Neural basis of auditory-induced shifts in visual time-order perception

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Neural basis of auditory-induced shifts in visual time-order perception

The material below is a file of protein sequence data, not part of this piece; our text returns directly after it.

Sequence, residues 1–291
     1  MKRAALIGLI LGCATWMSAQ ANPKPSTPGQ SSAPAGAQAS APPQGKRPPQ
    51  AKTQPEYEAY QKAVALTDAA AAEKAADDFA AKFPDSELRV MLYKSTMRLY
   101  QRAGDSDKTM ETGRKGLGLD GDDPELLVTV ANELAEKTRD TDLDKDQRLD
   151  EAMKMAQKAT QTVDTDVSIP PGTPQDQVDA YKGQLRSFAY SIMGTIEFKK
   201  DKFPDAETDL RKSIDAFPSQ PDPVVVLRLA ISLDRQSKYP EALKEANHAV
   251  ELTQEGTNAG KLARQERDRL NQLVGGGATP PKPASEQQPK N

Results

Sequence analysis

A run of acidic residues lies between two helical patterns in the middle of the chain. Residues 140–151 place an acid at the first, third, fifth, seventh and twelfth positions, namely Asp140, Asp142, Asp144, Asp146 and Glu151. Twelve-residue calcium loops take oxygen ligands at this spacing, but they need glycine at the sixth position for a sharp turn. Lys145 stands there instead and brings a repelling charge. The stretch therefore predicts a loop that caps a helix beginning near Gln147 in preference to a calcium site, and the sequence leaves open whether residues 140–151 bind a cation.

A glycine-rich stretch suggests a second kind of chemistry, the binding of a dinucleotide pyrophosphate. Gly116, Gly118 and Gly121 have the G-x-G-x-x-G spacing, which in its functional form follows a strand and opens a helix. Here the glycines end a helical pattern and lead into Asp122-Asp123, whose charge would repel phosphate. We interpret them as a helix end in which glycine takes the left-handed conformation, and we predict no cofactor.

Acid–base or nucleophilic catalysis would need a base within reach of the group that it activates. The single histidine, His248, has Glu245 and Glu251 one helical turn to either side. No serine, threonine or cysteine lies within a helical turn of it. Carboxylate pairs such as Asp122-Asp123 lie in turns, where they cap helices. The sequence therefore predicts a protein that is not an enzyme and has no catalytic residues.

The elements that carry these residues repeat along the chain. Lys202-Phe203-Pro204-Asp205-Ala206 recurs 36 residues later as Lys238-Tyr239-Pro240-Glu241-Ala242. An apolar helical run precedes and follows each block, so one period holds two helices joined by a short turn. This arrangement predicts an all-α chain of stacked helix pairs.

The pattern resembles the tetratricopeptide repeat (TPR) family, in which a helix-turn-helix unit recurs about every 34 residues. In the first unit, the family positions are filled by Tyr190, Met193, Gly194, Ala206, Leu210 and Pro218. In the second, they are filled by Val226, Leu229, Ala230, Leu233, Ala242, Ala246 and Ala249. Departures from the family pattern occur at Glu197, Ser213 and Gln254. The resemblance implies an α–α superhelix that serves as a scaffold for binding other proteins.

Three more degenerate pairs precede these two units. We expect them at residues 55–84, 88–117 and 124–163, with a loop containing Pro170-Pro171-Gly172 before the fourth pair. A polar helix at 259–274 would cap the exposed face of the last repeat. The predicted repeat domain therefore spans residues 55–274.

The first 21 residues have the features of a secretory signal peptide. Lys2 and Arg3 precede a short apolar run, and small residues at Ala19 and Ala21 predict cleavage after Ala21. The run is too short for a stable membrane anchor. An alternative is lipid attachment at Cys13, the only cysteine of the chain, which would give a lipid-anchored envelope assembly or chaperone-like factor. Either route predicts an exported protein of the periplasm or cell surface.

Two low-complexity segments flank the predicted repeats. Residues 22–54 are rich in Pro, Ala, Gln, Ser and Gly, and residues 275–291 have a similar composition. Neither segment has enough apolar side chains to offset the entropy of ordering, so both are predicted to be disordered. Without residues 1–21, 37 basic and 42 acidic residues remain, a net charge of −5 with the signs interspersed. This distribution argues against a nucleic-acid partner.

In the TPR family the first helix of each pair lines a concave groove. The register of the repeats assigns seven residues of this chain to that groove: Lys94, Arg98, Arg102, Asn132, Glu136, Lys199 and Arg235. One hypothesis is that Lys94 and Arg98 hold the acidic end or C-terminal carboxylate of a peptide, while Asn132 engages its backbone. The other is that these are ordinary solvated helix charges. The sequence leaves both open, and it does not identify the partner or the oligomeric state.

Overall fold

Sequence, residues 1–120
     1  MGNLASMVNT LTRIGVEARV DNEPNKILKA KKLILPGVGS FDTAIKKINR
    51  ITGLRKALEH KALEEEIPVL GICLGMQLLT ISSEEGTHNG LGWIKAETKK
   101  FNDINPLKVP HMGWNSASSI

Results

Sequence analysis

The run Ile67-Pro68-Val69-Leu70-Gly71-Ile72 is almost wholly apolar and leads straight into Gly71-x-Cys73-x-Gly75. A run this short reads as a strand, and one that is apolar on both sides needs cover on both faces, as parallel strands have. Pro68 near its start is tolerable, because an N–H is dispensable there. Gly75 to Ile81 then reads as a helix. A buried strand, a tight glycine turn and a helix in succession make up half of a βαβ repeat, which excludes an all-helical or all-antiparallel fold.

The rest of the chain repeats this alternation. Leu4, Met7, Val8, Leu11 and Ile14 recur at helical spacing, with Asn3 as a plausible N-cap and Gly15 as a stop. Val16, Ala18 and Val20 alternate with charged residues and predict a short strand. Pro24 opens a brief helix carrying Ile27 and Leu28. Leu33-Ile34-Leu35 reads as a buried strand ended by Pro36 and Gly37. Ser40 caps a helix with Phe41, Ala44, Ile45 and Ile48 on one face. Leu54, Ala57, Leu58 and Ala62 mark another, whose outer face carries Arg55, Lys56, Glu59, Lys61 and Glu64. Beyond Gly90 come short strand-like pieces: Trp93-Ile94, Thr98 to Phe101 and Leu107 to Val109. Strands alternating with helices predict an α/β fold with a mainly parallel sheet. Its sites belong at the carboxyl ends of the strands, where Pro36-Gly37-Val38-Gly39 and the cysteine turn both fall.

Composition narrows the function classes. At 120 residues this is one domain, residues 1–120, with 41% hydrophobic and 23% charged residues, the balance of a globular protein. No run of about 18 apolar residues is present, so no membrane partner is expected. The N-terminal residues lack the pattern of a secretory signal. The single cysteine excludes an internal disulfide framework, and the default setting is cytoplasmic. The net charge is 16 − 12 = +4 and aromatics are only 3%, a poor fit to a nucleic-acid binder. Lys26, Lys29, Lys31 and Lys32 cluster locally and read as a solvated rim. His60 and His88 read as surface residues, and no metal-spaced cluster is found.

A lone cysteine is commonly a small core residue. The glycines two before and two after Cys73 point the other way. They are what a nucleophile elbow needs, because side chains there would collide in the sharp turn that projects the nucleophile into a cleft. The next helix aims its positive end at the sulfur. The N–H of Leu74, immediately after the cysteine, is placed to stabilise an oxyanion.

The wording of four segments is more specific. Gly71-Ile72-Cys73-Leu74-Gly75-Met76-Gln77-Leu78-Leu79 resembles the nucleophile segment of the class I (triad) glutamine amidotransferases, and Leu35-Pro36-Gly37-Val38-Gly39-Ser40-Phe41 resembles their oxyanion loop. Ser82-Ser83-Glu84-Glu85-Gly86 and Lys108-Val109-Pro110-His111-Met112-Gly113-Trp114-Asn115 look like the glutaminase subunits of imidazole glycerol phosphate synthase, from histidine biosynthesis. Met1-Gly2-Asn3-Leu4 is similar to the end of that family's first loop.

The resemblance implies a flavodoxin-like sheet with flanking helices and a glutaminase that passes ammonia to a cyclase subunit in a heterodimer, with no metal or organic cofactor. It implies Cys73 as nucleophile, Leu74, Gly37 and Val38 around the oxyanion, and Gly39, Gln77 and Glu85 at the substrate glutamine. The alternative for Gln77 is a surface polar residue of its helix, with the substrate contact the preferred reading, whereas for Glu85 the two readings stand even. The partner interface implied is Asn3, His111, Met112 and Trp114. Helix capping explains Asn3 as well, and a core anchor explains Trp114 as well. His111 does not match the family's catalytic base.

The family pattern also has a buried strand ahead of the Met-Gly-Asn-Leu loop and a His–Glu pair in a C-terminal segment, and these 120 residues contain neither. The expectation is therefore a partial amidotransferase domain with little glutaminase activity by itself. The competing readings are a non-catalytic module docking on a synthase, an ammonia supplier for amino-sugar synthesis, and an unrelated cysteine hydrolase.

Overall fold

ARTICLES© 2005 Nature Publishing Group http://www.nature.com/natureneuroscienceSource amplitude (µV)–10010–10010–10010–10010115110180176 235235–100 0 100 200 300 400Time post-stimulus (ms)Figure 5 Dipole model of the neural sources of the left-cued minus right-cued difference wave. Dipoles1and2(red;x ¼ ±35, y ¼ 46, z ¼ 20) were fit over the 90–190 ms interval, and dipoles 3 and 4(blue; x ¼ ±35, y ¼ 26, z ¼ 18) were fit over the 220–250 ms interval. The source waveforms on theleft show the time courses of activity for the computed dipoles, and the images on the right show thelocations of the dipoles with respect to brain anatomy.200 ms) and N2 (at 240 ms) components (Fig. 6a), whereas thewaveform contralateral to T2 consisted of T2-elicited P1 (at 185 ms),N1 (at 234 ms) and N2 (at 280 ms) components. The positive peak at120 ms in the contralateral-to-T2 waveform was the delayed P1 elicitedby T1 that is transferred from the contralateral to the ipsilateral hemisphereacross the corpus callosum 13,14 . Notably, the P1 and N1 componentsthat were elicited by the successive targets were each offset by69 ms, which closely approximates the actual time asynchrony betweentargets. A further analysis showed that the latencies of the P1, N1, P2and N2 components did not differ appreciably between trials when thecued target was reported to be first and when the uncued target wasreported to be first (Supplementary Fig. 1). The T1- and T2-elicited P1peaks were maximal over the same ventral occipital areas (Fig. 6b).DISCUSSIONThe behavioral results presented here fit well with recent reports thatinvoluntary shifts of attention to sound can influence the perception ofsubsequent visual stimuli 20–24 . As in the present study, a previousstudy 24 reported that a sound appearing to the left or right of fixationcan affect the temporal perception of subsequent visual events when thecue-target stimulus-onset asynchrony (SOA) was between 0 and300 ms. Similar results were obtained in that study when nonpredictivevisual, auditory and tactile cues were used to orient attention andwhen participants were asked to judge the perceived motion of aALPRstationary line rather than the perceived temporalorder of two visual stimuli. Takentogether, these behavioral results indicatethat modulations of visual perception bycross-modal attention are robust over a varietyof psychophysical techniques.Recent behavioral work on prior entry hasshown that attention-induced shifts in thePSS may arise in part from post-perceptualeffects such as response bias 3–6 . In light of this,we used an orthogonal-response procedure,in which reflexive shifts of attention areknown to produce substantial perceptualeffects above and beyond any response-biaseffects 5 . Thus, although response bias mightnot have been completely eliminated, the TOJeffects observed here were largely due to actualchanges in the perceived timing of the stimuli.The exact contributions of perceptual andpost-perceptual effects, however, remain tobe determined.The electrophysiological results presentedhere argue against the hypothesis that directingattention to one side accelerates the sensoryprocessing of contralateral visual stimuli. A difference in visualcomponent latencies between the hemispheres would be expected iftheir underlying neural generators were activated more rapidly in thehemisphere contralateral to the nonpredictive auditory cue. No interhemisphericdifferences in the latencies of the early ERP components orof their occipital dipole source waveforms were observed, however,when the targets were presented simultaneously, even though participantsjudged the target on the cued side to appear first on the majorityof trials. The small difference in P2 latency (5 ms) that was measureda–1 µVP1N1P2P1Contralateral to T1Contralateral to T2N2N1N2Figure 6 Target ERPs obtained at the point of subjective simultaneity.(a) Grand-averaged ERPs obtained when the uncued target was presented70 ms before the cued target. The ERPs shown were recorded from occipitalelectrodes (PO7 and PO8) and were collapsed over cue side (left, right) andperceived temporal order (target on cued side first, target on uncued sidefirst). The onsets of the uncued target (T1) and the cued target (T2) aredenoted on the time axis, and the major contralateral ERP componentselicited by T1 and T2 are labeled in red and blue, respectively. (b) Scalptopographies of the P1 components elicited by T1 (left) and T2 (right),plotted at 124 ms and 185 ms, respectively. The maps were constructedas if T1 were presented on the left and T2 were presented on the right.The arrows point to the contralateral P1 foci.b0 100 200 300Time post-stimulus (ms)T1 T2P1 to T1P1 to T2–1.360.78 –2.22.24001200 VOLUME 8 [ NUMBER 9 [ SEPTEMBER 2005 NATURE NEUROSCIENCE

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